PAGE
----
Nina Brown was born in Jersey City, N.J. "My parents were in the Air Force, and shortly after my birth, we moved to France, where I lived for the next eight years of my life. When we moved back to Jersey City, I spoke only French. My mother had to hire a tutor to teach me to speak English."
When Nina was 12 her parents divorced and she moved to Brooklyn to live with her grandmother. She finished high school and two years of college, and had her first child, a son, at age 18. "I had to work, so I dropped out of school and worked as a temp, for Kelly Services. My temp jobs would lead to permanent jobs. I've worked for NYNEX, in law and architecture, for Bankers Trust Plaza, and for a sound production studio, which was the best and most interesting of all."
During this period Nina was taking various drugs. "I exhibited standard addictive behavior, and in 1989, finally realized what I was doing to myself." After trying to quit drugs and alcohol off and on since then, she has been in serious recovery for the past two and a half years.
"I've always been very aware of the possibility of being infected with the HIV virus, so between the years 1989 and 1992 I was tested every 6 months. All my tests were negative, so I felt very safe." In January 1992, Nina again tested negative. "I got married in February 1992, but two months after my marriage, I discovered that my new husband was having an affair. That ended the marriage, and in July, 1992, I met and fell in love with the man who was to become my youngest child's father. When I was seven-and-a-half months pregnant the clinic I went to for my pregnancy said that an HIV test was required (it wasn't). I believed them and took the test, and tested positive." The clinic gave Nina no counseling, and rushed her out. She left the clinic in shock. "I was scared, depressed, and afraid to tell my baby's father. I saw my ex-husband and told him that I had tested positive for the virus and urged him to get himself tested. He refused, and denied the possibility of his having HIV. I eventually told my boyfriend about my testing positive, and he got tested himself and tested negative. My husband was the only person who could have given me the virus."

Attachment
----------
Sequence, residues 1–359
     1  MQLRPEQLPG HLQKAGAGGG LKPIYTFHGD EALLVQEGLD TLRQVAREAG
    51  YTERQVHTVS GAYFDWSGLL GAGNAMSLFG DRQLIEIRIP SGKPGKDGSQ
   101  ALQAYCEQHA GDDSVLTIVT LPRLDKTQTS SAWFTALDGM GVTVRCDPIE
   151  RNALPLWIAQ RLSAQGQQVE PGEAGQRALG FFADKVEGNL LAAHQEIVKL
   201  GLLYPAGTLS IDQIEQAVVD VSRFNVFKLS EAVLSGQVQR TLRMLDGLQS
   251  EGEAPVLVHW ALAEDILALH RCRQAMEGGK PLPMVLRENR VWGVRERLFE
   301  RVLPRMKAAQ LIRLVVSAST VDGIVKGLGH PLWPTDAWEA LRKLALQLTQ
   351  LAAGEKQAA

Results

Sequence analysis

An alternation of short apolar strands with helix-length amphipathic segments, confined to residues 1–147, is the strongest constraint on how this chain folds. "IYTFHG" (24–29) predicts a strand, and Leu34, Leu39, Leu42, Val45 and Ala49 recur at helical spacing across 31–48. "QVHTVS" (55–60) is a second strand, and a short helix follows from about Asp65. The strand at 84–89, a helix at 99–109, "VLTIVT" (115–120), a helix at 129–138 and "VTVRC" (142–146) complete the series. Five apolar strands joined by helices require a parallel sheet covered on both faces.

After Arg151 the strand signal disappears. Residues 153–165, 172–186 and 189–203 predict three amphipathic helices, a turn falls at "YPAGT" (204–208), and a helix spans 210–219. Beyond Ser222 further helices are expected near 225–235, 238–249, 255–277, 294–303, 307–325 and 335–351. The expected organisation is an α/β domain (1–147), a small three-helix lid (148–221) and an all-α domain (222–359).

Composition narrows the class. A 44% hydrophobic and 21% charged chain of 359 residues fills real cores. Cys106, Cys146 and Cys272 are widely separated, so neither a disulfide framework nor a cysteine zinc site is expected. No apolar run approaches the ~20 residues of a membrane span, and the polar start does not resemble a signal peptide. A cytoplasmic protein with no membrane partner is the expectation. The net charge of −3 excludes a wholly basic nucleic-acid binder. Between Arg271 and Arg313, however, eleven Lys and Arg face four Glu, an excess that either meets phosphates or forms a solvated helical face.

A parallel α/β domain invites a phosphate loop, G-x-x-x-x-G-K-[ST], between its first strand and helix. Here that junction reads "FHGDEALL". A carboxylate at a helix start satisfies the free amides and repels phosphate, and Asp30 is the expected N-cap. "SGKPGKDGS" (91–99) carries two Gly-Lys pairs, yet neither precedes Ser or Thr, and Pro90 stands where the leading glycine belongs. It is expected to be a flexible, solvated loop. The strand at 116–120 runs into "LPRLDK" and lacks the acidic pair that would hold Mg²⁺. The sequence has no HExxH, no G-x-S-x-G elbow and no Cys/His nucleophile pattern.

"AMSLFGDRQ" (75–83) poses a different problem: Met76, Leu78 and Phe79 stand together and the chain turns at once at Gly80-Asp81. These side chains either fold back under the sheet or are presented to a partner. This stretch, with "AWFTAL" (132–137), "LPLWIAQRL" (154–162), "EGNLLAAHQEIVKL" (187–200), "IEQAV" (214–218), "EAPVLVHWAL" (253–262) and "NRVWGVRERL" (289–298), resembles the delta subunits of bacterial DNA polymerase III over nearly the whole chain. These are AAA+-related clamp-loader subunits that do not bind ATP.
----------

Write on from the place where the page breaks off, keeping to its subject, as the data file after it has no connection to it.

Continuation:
Immediately after testing positive for HIV, Nina went on a two-week binge of drugs and alcohol. "Then I saw a photograph of a baby who was born deformed because the mother was an alcoholic and realized the danger I was putting my unborn baby in. I stopped drinking and drugs ... I didn't do anything."
After her baby's birth, Nina had no support group, and no one she could rely on. And her new relationship was crumbling. "I felt so alone and sorry for myself that I started up with drugs again. Then I finally just got sick of it all. I told everyone I knew about my addictions, left my boyfriend, and got help for my problems. I can't say I'll never use drugs again, but I can say that I wouldn't use them today. I'm definitely taking responsibility for my own actions and for my future."
After leaving her boyfriend Nina started seeing a woman. "I was bisexual, and I thought that maybe my being with another woman would create a more stable relationship." But her HIV status and her lover's fear of AIDS destroyed the relationship. "Now I'm just single. I've met possible lovers -- men and women -- but my main focus is just to raise my children and remain healthy." Nina is currently in school studying to be a substance abuse counselor, and is on the board for the New Jersey Women and AIDS Network. She also works as a phone line buddy for Sister Connect. "I tell women about available resources, such as medical care, food, shelter. There's so much misinformation about AIDS, and through this organization I try to give correct information." She tries to tell about fun ways to have safer sex, and gives safer sex demonstrations. "And I try to make people realize that HIV is not a gay or drug-related disease. Lots of people have the virus and they're neither gay nor drug users."
"When I was with my husband, I suspected he might be messing around. He'd come home late or not at all, lots of signs, but I was blinded to the truth. If a woman thinks her husband or boyfriend is cheating on her, she should insist on safe sex or no sex."
Nina is well aware of what people who are HIV-positive have to deal with. "People's attitudes are bad . . . they either give you pity or contempt. If you feed into their attitude it just brings depression. Some people think I should just lie down and die, and not try to have a normal, creative life. To combat their negativity, I take surveys, help others, and through that, help myself. My kids are very supportive and go to meetings with me. We have a very healthy relationship. They all know I'm HIV-positive except for the youngest, who's only 3. The others are 9, 10, and 20 years old, and they tell me how proud they are of me. I'm also involved with National Association of People With AIDS, on the board of the HIV and AIDS Planning Council for New Jersey, and I'm with New Jersey Connections. We help needy people in the community with housing, food, and clothing, and try to provide a home-like atmosphere where we can talk about the virus and give help and advice. I speak to various groups and tell my story for others to learn. I find that teens judge people by the way they look. To them, if they look healthy, then they are healthy. I try to get them to understand that appearances can be deceiving, and that someone can be HIV-positive and still look great."
"I just go day by day, with some good days and some bad ones. I'm tired of being tied to medications, but it's a necessary part of my life. The virus in my body is now so under control that it's undetectable, but nevertheless it's there. I just try to be positive about life. I meditate and go to the Christian Village Church at Fort River, N.J. I think that I've found peace with myself."
Back to June Issue of Body Positive Magazine